:: Wednesday, September 21, 2005 ::

Fictitious Capitalism

Game Journalism: Virtual Mugging Leads to Real Arrest: "Japanese police have arrested a Lineage II gamer for creating a bot-controlled character that acquired a huge cache of game assets through 'virtual muggings' of overmatched players, and then sold them through an auction site. The perpetrator of the virtual crime spree was a Chinese exchange student, according to the writeup in New Scientist:

Several players had their characters beaten and robbed of valuable virtual objects, which could have included the Earring of Wisdom or the Shield of Nightmare. The items were then fenced through a Japanese auction website, according to NCsoft, which makes Lineage II. The assailant was a character controlled by a software bot, rather than a human player, making it unbeatable.

The incident highlights a harsh reality of the new virtual economy: when game assets have cash value, obtaining them illegally can land you in jail. But what is 'illegal' in a virtual world? Do game publishers' terms of service become de facto criminal statutes that extend into the real world? Bots and mods that juice gaming capabilities are creating some interesting offline ramifications these days, and this is one more area where 'meatspace' mechanisms for sorting out such dilemmas will be tested."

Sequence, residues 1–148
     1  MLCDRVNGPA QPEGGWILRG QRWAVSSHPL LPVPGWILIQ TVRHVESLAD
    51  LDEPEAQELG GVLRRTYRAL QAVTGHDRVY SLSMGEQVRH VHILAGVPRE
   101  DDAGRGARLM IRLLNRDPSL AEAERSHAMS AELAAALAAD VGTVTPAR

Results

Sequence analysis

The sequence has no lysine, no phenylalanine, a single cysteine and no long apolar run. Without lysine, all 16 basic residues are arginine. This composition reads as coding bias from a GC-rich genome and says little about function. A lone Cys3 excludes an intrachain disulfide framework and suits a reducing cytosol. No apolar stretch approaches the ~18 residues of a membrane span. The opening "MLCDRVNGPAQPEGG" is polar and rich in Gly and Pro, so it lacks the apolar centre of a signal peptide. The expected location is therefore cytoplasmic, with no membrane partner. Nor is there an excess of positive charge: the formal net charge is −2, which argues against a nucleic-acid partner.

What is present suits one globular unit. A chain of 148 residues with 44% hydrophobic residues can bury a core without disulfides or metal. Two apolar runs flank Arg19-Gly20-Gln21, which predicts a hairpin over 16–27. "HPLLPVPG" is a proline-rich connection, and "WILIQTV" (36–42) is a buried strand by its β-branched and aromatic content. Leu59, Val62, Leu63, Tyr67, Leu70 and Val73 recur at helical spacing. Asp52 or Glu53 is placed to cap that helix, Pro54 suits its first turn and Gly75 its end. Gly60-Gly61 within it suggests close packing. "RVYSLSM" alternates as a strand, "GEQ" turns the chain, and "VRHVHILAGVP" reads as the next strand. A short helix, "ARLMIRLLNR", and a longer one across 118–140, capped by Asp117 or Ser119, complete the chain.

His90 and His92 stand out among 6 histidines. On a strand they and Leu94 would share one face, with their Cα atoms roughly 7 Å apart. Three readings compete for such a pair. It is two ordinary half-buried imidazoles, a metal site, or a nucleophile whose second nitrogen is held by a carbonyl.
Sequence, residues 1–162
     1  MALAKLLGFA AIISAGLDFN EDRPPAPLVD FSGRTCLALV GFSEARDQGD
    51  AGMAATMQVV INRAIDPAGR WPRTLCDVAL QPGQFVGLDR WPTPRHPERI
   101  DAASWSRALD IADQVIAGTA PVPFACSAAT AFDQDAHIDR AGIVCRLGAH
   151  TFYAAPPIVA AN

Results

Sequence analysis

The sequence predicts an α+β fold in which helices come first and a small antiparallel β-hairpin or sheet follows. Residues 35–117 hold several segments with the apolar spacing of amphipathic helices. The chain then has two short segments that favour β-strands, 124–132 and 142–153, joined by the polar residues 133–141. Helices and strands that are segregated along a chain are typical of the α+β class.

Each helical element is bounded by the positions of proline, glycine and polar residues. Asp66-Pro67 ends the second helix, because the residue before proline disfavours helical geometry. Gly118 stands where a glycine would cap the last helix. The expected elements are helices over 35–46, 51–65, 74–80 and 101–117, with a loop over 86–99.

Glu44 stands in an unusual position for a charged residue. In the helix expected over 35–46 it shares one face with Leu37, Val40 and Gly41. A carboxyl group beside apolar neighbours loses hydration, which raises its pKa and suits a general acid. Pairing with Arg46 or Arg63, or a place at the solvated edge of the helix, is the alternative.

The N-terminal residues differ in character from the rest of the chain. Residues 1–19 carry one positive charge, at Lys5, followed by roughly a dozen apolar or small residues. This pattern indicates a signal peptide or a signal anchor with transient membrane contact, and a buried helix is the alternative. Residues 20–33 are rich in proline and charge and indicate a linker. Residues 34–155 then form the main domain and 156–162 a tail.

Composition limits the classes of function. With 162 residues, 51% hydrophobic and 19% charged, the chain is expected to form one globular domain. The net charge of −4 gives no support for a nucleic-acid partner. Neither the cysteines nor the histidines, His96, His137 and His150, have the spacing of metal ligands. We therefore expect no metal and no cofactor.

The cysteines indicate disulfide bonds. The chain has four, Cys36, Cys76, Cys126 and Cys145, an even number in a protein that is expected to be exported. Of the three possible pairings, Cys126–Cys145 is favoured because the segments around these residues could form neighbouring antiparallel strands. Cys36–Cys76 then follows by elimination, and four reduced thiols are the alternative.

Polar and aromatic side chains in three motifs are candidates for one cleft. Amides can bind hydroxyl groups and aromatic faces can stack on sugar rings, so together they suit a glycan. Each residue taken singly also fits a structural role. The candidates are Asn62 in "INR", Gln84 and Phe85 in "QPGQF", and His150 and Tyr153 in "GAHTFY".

This story sets the grey matter turning. It is a reality that capital in the form of "money" largely does not really exist. It exists electronically. If we all went to the bank to get our money, it would not be there, the banks would collapse. So is stealing game "cash" any different legally or morally than stealing "real" cash? The answer, I suspect, is that it depends on whether it is judged to affect the system or not. As there are now actual third world sweatshops producing credits/xp points etc for the likes of Warcraft and other MMORPG's and selling them on, then the line between fictitious capital in a game and in a bank is getting slimmer every day, although there is nothing fictitious about the surplus value being produced by the sweat shop workers.

:: Alister | 12:29 pm | save this page to del.icio.us Save This Page | permalink⊕ | |


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